ExxonMobil Corp. has resumed production at the Papua New Guinea LNG project two weeks ahead of schedule after it was shut down in the wake of a deadly earthquake in February, its Australian partners said on April 13.

Production at the PNG LNG project was halted after a 7.5 magnitude earthquake hit Papua New Guinea’s energy-rich interior on Feb. 26, causing landslides, damaging buildings and killing 100 people.

Australia’s Oil Search Ltd. and Santos Ltd. said they had been advised that one train at the LNG plant near Port Moresby has re-started operations and the second train is expected to resume as gas production ramps up.

LNG exports, which were expected to resume shortly, will come weeks ahead of schedule and may put pressure on spot LNG prices, traders said. Exxon Mobil Corp. had earlier advised that production would restart in May 2018.

“The recommencement of operations at the PNG LNG Project, ahead of ExxonMobil’s previously guided eight week timeframe, is a major achievement by the operator,” said Oil Search Managing Director Peter Botten.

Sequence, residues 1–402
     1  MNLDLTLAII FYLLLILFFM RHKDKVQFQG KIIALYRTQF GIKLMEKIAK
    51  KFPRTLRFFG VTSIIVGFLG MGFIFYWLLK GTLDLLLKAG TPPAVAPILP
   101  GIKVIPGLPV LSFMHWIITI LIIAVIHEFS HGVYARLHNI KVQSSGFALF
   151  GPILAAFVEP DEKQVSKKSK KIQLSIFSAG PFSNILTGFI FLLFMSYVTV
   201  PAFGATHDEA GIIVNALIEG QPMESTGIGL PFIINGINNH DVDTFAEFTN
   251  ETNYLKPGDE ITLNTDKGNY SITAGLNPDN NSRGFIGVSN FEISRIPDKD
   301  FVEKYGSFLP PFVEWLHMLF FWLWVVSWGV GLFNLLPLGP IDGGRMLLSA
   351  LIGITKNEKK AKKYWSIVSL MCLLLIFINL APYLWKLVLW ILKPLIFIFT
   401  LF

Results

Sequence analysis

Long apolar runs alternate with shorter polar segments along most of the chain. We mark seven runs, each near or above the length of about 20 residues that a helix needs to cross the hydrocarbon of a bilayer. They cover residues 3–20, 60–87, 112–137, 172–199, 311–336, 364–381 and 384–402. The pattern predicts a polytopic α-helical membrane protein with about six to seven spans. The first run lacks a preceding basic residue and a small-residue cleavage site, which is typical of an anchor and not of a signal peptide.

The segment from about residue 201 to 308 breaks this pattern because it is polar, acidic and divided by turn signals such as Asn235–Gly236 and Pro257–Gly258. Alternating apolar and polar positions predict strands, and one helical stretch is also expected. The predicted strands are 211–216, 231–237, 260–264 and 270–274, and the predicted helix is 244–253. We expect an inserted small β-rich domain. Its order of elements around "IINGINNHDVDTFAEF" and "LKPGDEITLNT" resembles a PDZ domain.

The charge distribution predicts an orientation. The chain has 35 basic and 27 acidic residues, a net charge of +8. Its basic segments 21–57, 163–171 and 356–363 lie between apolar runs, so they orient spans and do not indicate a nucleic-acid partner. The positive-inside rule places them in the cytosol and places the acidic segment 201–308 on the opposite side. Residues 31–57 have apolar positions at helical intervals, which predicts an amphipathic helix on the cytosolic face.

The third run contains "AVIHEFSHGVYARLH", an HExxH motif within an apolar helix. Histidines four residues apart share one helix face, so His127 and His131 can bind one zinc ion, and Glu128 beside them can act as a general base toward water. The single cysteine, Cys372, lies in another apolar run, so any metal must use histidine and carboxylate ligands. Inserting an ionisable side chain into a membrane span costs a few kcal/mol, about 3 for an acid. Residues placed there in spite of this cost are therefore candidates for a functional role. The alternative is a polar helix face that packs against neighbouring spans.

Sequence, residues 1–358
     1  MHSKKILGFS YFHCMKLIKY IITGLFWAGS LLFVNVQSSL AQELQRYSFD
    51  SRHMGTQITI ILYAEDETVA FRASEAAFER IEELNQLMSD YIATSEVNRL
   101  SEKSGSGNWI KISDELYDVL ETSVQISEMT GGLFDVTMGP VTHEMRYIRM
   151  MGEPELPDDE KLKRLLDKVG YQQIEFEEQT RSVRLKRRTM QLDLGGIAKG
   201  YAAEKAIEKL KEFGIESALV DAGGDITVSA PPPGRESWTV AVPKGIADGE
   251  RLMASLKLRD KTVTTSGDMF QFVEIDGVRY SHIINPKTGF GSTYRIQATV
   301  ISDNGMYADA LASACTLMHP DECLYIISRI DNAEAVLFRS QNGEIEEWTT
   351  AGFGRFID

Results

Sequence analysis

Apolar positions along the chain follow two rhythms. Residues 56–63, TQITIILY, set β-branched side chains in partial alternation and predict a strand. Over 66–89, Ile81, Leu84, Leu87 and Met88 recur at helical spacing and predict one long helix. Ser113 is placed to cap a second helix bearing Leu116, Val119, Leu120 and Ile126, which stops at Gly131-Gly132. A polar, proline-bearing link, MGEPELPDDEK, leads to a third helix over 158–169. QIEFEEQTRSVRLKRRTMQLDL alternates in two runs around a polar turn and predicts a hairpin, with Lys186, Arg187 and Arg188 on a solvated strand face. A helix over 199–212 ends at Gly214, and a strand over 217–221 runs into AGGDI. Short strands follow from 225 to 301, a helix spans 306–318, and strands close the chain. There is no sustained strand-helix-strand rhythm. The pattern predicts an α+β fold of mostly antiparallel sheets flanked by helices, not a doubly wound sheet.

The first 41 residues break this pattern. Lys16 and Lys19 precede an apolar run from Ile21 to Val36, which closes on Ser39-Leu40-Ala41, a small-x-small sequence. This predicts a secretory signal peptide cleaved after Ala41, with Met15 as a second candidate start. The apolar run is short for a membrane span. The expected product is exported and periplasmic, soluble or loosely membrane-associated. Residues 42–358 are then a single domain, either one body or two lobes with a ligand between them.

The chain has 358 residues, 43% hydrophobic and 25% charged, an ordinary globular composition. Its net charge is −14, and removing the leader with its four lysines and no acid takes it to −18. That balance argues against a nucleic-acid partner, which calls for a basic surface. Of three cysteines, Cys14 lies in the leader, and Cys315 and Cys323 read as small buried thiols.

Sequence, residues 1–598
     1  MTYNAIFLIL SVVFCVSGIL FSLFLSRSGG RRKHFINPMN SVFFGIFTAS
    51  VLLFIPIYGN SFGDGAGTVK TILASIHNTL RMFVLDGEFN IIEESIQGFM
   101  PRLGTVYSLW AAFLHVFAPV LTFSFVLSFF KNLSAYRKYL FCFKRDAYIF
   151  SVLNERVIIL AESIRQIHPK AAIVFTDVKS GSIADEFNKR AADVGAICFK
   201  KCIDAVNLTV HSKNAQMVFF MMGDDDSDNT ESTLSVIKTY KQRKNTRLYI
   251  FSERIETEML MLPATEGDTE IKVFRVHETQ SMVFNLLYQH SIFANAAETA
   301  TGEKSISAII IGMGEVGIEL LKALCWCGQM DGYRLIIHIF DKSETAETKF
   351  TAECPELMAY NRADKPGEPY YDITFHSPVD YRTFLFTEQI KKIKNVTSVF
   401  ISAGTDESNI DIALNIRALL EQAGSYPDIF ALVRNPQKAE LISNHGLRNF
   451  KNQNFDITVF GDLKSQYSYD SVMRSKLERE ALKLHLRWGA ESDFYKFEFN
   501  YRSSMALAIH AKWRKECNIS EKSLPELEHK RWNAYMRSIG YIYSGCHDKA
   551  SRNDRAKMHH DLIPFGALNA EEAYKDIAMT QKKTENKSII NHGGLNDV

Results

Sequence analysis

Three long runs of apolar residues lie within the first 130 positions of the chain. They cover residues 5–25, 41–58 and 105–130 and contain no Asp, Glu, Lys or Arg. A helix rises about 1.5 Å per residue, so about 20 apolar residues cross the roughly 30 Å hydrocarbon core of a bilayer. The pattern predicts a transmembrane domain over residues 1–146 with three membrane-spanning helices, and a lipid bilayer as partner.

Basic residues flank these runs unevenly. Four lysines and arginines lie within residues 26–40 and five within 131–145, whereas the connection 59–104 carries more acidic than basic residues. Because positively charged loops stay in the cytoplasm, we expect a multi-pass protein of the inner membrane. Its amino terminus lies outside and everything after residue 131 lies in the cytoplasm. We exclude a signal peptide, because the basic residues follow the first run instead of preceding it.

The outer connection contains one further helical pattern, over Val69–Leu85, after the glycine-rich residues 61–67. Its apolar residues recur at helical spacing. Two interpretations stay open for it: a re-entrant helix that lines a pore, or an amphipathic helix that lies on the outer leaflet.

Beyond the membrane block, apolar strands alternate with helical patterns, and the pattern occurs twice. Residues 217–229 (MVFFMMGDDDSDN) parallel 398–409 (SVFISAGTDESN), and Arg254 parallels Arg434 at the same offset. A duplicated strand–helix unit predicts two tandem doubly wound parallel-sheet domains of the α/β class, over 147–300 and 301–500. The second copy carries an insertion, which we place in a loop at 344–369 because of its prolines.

ExxonMobil was able to restart production earlier than expected because damage to hundreds of kilometers of pipelines that run through the mountains between gas output facilities and the LNG terminal was much less than initially feared, a source involved with the project told Reuters.

Santos is a foundation partner and holds a 13.5% interest in PNG LNG. Oil Search has a 29% stake.

ExxonMobil declared force majeure on exports from PNG in March and the resulting uncertainty over supply drained liquidity from Asia’s spot LNG markets, traders said.

“At the time the project was halted in late February, it was a time in the year when LNG prices were to gradually fall down as demand eases,” said one industry source in Tokyo.

“The halt did have some impact in that it took longer for (Asian benchmark) prices to fall, but the impact was rather limited because demand was weak at the time,” he said.

Asian spot LNG prices have lost almost 70% from their 2014 peak to around $7 per million British thermal units (MMBtu), driven lower by a global supply overhang that developed as new production came online, especially in Australia and the U.S.

Worry about the surplus has been tempered somewhat by unexpectedly strong demand out of China, India and Southeast Asia, especially over this past winter.

Before the quake, the PNG LNG project had been producing at around 20 percent above its rated capacity of 6.9 mtpa.

Another trader said that although the announcement would likely weigh on prices, any fall “will be limited by summer demand expected soon from Asia.”